esta version me parece entretenida y con la calidad que solo ofrece Ridley Scott, un elenco de primera linea y una de las mejores interpretaciones que Robin Hood ha tenido en el cine a duras penas superada por la version protagonizada por Kevin Cosner en 1991, que si bien las comparamos nos dan dos historias completamente distintas a pesar que hablan lo mismo, esto es parte de la magia del cine!
Back in 2012, Lincoln Center hosted a retrospective of Sir Ridley's films to link up with and help promote the release of PROMETHEUS. I wanted to take that opportunity to catch up with some of his more recent, less generally well-received work that I had missed on the big screen. I nosed around, and it seemed like KINGDOM OF HEAVEN was the movie thought by the circle of internet, egg-head film buffs (of which I was/am a fellow traveler, if not a card carrying member) to be most deserving of reconsideration, so I went to see it there, a 35mm print of the "director's cut". It was, alas, a dud, or, rather, a slog. Shit-tier historical revisionism ("crusades wuz bad")…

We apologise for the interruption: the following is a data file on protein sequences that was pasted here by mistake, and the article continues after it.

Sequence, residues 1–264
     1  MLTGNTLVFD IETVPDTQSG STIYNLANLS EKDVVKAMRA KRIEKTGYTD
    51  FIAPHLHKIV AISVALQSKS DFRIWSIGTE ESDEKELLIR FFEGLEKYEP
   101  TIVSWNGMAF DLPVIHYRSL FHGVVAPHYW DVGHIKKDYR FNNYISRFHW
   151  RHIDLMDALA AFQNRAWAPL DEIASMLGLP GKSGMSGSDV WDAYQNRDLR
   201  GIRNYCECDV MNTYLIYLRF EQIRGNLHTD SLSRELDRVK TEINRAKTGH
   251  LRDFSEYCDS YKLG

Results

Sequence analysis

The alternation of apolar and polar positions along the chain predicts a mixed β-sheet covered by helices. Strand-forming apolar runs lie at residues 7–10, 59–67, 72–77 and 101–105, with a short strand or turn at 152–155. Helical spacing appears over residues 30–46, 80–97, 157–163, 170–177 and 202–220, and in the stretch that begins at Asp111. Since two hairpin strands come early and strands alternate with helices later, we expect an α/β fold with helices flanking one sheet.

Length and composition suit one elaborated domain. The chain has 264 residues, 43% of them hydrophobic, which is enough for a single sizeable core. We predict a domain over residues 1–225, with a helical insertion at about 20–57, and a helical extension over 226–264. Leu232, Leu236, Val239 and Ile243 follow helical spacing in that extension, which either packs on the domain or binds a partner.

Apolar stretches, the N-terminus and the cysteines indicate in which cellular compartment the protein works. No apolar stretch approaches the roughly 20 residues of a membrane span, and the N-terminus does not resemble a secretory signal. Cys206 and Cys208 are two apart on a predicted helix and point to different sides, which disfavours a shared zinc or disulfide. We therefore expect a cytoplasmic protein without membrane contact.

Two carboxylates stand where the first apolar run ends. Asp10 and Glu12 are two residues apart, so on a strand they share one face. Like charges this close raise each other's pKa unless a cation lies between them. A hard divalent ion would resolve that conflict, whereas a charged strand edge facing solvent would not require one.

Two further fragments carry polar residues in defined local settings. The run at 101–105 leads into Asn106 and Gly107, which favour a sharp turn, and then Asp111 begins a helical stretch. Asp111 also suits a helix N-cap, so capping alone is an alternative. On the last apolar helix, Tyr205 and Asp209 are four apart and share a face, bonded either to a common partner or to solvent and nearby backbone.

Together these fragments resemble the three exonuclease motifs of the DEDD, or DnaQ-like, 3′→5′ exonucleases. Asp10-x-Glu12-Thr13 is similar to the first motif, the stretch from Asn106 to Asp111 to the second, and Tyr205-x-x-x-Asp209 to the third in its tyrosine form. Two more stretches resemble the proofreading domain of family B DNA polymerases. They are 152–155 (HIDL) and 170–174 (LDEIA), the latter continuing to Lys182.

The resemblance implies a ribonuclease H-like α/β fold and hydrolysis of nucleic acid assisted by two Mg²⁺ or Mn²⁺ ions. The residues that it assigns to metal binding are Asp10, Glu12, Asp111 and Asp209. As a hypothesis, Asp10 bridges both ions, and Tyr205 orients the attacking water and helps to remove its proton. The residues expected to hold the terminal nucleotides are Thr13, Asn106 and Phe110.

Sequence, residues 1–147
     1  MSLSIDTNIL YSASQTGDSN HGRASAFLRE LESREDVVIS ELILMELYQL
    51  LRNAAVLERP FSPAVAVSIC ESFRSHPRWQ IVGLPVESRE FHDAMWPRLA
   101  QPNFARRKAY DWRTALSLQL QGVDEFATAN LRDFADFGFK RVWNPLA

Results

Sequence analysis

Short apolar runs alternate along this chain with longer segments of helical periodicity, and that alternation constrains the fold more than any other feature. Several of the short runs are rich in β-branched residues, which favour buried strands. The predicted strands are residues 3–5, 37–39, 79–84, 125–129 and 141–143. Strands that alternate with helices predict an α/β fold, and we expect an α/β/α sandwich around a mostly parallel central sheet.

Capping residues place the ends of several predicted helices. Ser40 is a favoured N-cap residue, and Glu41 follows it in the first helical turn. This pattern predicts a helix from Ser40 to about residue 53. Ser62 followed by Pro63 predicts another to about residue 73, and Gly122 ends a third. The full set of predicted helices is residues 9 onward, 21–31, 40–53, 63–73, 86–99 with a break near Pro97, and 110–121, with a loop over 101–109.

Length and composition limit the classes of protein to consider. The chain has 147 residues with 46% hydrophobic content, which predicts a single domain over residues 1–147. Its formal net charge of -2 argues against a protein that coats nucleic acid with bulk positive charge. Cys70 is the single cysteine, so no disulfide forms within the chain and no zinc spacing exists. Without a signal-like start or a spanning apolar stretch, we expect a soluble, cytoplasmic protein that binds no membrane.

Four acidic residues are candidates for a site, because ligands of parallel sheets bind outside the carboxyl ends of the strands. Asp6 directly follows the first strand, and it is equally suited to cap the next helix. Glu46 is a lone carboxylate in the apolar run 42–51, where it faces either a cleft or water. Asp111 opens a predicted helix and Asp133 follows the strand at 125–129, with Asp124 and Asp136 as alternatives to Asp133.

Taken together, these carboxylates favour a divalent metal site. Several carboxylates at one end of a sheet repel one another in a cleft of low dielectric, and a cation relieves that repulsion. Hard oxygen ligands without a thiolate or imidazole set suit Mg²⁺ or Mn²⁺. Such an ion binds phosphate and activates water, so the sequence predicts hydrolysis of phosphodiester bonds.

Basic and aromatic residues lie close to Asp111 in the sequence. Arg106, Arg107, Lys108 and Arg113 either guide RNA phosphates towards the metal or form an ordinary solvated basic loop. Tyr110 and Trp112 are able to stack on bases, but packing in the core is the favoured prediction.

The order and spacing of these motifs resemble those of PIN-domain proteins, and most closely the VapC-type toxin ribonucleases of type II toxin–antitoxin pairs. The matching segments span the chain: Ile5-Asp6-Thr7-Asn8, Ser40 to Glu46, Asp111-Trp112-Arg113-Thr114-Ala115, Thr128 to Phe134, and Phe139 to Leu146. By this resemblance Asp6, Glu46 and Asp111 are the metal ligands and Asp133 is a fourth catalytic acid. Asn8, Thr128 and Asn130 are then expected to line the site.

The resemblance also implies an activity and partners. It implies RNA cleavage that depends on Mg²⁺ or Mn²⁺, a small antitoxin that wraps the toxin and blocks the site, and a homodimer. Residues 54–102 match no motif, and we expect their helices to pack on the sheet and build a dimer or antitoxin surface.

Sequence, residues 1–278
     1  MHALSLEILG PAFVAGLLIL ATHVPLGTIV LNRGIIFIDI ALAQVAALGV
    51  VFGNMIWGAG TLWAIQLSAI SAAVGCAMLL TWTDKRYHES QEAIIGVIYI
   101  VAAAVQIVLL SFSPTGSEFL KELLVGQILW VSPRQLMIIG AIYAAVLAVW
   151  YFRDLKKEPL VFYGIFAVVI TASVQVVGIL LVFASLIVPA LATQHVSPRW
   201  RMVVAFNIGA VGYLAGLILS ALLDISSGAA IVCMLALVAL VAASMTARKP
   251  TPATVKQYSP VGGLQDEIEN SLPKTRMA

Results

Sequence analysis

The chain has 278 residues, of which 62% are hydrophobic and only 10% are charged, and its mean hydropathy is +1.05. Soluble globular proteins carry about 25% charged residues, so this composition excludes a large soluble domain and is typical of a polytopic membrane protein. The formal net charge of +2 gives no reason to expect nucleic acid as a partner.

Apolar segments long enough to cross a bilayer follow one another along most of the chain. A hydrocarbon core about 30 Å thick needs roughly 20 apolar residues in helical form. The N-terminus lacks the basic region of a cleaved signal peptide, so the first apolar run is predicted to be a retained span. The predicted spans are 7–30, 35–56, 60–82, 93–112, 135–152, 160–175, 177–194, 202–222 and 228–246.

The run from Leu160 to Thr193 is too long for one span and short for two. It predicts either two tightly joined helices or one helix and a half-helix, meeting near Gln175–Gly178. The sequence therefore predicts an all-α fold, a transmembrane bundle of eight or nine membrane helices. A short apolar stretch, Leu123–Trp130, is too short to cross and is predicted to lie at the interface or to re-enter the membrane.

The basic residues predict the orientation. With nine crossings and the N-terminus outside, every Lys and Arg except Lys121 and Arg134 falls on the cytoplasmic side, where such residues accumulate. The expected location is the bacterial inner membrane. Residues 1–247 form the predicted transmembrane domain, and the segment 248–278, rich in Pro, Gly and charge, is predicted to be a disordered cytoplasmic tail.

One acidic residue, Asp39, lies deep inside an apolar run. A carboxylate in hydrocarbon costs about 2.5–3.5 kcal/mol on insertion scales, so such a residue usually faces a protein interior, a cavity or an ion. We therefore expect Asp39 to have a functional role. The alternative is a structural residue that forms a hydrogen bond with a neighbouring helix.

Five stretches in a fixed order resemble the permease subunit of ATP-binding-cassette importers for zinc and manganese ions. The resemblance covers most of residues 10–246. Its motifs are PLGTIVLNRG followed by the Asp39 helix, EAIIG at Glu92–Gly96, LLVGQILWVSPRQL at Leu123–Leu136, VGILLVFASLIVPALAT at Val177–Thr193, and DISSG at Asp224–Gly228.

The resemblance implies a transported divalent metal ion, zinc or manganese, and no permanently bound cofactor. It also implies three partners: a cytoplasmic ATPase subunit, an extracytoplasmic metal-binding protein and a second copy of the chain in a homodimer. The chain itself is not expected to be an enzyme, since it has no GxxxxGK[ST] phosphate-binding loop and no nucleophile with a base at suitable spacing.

It had the potential to be something special and intriguing but no... Instead of continuing with the fun and likable Robin, Scott makes it grim and bleak and somewhat boring... I understand, he wanted a different approach but it just doesn't hook you.
My second biggest dissapointment was the complete average acting of an otherwise great cast.
blue eyed oscar made me sexually uncomfortable
I only gave this 3 stars because I saw Oscar Isaac semi naked in it.
pipe down, why are you all whining in the reviews? this was great. the casting was great, the plot may have had historical inaccuracies but it's a fucking MOVIE. the cinematography, the costumes, the score, the scenery? all good. it was fairly entertaining even if it it's not scott's best work. perhaps as a lover of era films i'm biased, but you definitely all need to calm down.
also, cate blanchett in armor? 10/10
I have tried to limit this list to proper period dramas (no animated features or alternate histories) and arrange them…
All the way from 'The Land Before Time' to 'The Social Network'.
(Read notes for dates.)
Work in progress, will…